The Writer’s Center is pleased to announce our Undiscovered Voices Fellowship winner for 2017:
Each year, The Writer’s Center awards a Washington, DC area writer earning less than $25,000 per year with this exclusive fellowship. We believe that writers of all backgrounds and experiences should have an opportunity to devote the time and energy toward their craft. Of the many qualified applicants, this year’s winner was Julia Tagliere, who submitted a short story that wow-ed our judges.
Ms. Tagliere is a freelance writer and editor whose work has appeared in The Writer, The Bookends Review, Potomac Review, and Hay & Forage Grower (yes, that’s a thing), as well as in several anthologies, including Here in the Middle: Stories of Love, Loss, and Connection from the Ones Sandwiched in between; Candlesticks and Daggers—An Anthology of Mixed Genre Mysteries; the juried photography and prose collection Love + Lust; and The Way to My Heart: An Anthology of Food-Related Romance. Her short story, “Te Absolvo,” was named Best Short Story in the 2015 William Faulkner Literary Competition. Julia currently resides in Maryland with her family, where she recently completed her M.A. in Fiction Writing at Johns Hopkins University. To learn more, visit her at justscribbling.com.
Our Development & Community Outreach manager, Bethany Perryman, caught up with Ms. Tagliere.
Read her exclusive interview below:
Bethany: First of all, congratulations on winning our Undiscovered Voices prize for 2017! We are so excited for you to be a part of our prestigious cadre of writers and literature lovers. Your short story was selected by judges as the best of many qualified candidates. How does it feel?
Julia: I’m incredibly honored and excited to see what the year ahead will bring.
BP: You’ve also won other prizes for your short stories. Can you tell us what you think makes a great short story?
JT: As a writer, there’s no way to answer that without sounding like far more of an expert than I consider myself to be at this point in my writing–I mean, if there is a formula, I’d certainly love to learn it. As a reader, however, I find that the stories I most appreciate, first and foremost, move me in a way that lingers long after I’ve finished reading. It could be a really well-developed character, an unexpected twist in the narrative, lush imagery or rich, vivid language; in the best stories, all of those elements are present.
BP: I’m personally curious: What’s your process when you begin a new story? Do they come to you in a flash or inspiration, or…?
JT: Flash implies a much speedier process than what I normally experience. Sometimes the inspiration comes from an image or a feeling, a face I see, maybe something I see on the news. That thing, whatever it is, gets stuck in my mind like a grain of sand in an oyster, and I find myself coming back to it over and over again, worrying at it. It either drives me crazy, or it starts to grow and take shape into what I think might be a workable piece–usually both, if I’m being totally honest.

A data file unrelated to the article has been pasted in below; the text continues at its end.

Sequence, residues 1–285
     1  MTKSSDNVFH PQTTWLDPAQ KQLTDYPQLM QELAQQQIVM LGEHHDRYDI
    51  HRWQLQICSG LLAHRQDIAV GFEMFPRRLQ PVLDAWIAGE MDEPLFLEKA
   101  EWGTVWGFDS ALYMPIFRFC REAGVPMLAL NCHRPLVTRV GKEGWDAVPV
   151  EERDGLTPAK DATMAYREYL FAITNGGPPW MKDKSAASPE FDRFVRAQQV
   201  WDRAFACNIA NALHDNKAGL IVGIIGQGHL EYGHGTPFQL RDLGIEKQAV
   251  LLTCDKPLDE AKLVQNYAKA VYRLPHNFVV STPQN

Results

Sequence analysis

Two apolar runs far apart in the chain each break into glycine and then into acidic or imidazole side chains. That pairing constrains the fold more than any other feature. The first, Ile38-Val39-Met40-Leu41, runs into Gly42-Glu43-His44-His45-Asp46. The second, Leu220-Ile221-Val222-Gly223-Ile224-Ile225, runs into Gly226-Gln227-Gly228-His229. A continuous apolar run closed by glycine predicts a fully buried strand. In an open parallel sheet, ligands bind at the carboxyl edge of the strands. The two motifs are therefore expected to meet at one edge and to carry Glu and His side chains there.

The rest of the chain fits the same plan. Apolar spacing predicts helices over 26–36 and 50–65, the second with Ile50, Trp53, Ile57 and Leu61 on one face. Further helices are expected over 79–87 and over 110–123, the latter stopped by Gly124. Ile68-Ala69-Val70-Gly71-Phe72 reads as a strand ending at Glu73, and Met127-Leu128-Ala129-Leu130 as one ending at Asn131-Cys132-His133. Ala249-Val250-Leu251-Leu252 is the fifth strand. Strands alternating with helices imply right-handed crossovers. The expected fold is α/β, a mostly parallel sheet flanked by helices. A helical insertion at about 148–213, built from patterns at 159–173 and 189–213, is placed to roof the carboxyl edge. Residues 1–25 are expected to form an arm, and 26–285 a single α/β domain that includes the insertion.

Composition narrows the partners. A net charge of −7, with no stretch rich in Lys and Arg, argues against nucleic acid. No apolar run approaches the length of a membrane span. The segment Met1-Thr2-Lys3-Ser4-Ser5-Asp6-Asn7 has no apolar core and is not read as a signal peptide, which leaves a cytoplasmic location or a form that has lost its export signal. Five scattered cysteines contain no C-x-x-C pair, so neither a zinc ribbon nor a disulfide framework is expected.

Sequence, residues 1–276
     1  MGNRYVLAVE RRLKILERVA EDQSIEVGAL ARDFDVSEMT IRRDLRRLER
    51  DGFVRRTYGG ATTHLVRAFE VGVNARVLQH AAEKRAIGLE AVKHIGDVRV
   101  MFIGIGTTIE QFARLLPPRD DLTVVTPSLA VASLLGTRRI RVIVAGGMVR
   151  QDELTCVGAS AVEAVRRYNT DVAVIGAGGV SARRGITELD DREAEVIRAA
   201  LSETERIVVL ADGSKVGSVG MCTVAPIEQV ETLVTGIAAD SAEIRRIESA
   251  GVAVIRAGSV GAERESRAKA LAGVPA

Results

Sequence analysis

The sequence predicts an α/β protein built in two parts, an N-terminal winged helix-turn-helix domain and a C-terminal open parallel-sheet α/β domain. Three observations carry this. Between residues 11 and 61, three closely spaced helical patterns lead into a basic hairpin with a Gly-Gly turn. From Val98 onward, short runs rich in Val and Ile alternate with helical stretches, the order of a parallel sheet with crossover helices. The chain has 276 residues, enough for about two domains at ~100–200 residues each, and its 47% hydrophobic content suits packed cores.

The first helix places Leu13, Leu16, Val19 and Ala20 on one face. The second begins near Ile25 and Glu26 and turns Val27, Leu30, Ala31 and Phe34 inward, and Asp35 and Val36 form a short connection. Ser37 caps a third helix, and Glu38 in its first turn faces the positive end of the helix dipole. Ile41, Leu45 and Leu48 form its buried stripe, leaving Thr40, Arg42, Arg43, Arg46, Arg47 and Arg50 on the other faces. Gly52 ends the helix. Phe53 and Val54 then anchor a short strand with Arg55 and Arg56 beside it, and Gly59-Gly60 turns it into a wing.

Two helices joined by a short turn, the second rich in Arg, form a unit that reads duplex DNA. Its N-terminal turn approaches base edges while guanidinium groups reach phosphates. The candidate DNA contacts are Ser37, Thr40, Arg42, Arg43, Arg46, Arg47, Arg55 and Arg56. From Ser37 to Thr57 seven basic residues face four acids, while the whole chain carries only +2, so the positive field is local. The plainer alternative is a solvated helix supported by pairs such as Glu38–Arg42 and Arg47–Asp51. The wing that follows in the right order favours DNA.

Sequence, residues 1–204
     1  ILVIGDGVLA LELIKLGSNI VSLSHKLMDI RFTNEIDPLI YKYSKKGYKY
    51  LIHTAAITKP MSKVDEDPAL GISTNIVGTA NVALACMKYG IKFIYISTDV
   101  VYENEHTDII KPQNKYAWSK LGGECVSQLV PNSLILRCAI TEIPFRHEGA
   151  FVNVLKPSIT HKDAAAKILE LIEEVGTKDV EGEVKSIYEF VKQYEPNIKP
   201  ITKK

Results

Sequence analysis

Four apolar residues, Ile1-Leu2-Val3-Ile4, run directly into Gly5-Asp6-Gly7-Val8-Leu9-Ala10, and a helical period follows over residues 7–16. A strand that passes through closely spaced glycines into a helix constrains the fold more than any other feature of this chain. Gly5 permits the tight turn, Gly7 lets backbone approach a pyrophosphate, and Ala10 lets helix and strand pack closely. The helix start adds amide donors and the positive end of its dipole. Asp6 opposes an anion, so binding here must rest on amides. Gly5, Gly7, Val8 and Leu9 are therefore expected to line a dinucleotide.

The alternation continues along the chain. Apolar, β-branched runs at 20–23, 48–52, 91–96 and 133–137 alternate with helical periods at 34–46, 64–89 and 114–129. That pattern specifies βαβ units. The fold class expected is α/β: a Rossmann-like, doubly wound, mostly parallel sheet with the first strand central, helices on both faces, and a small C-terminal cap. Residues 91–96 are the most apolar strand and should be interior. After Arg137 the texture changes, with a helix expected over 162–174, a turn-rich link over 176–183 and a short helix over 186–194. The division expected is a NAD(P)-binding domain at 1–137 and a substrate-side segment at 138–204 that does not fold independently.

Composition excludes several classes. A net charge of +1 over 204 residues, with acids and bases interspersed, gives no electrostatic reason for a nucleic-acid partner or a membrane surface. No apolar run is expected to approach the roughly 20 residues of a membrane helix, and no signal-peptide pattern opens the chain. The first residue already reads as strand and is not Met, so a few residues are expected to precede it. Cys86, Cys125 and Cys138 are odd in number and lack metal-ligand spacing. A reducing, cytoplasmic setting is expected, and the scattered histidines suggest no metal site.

BP: What are your plans for your next year at The Writer’s Center? Any books or stories in the works?
JT: I have a novel in progress I’ve been twiddling away at for a while now, and I’m planning to use this next year with TWC to finally complete it.
BP: What’s the biggest setback you’ve encountered in your writing career? How do you deal with it?
JT: My biggest setback was probably being rejected repeatedly by a particular M.A. program some years back. It really stung for a while, to keep applying and keep being rejected. But I understand now that I wasn’t prepared at that time–I had a lot of growing I needed to do as a writer to be ready for a program of that nature. I dealt with it by spending the next several years after my third and final rejection doing a lot of reading, independent studying, and connecting with other writers to try to reach a point where I felt comfortable applying again.
BP: What’s your favorite type of writing to do, and why? Tell us a little more about what turns your gears.
JT: I used to think I preferred writing novels, but since I’ve been working more in shorter forms lately (short stories, flash), I must confess, I enjoy the greater frequency of those moments of gratification that come from actually completing a story. Those moments take so long to arrive when writing a novel; it’s easy to become discouraged.
BP: Any last words of advice for students at the Center and other aspiring or emerging authors? What about for writers who are hoping to enter contests and fellowships? What’s your secret, besides great work?!
JT: Writing can be a very lonely business, if you let it be. Step away from your keyboard for a while and engage with other writers. Take classes, attend conferences, engage with folks online via social media, form a writing group of your own, support local writers in their endeavors. Those connections not only can sustain you when you get down in the dumps about a given work-in-progress–and you will–but they can also help you learn about opportunities that will contribute to your growth as a writer. That’s what it’s all about, isn’t it?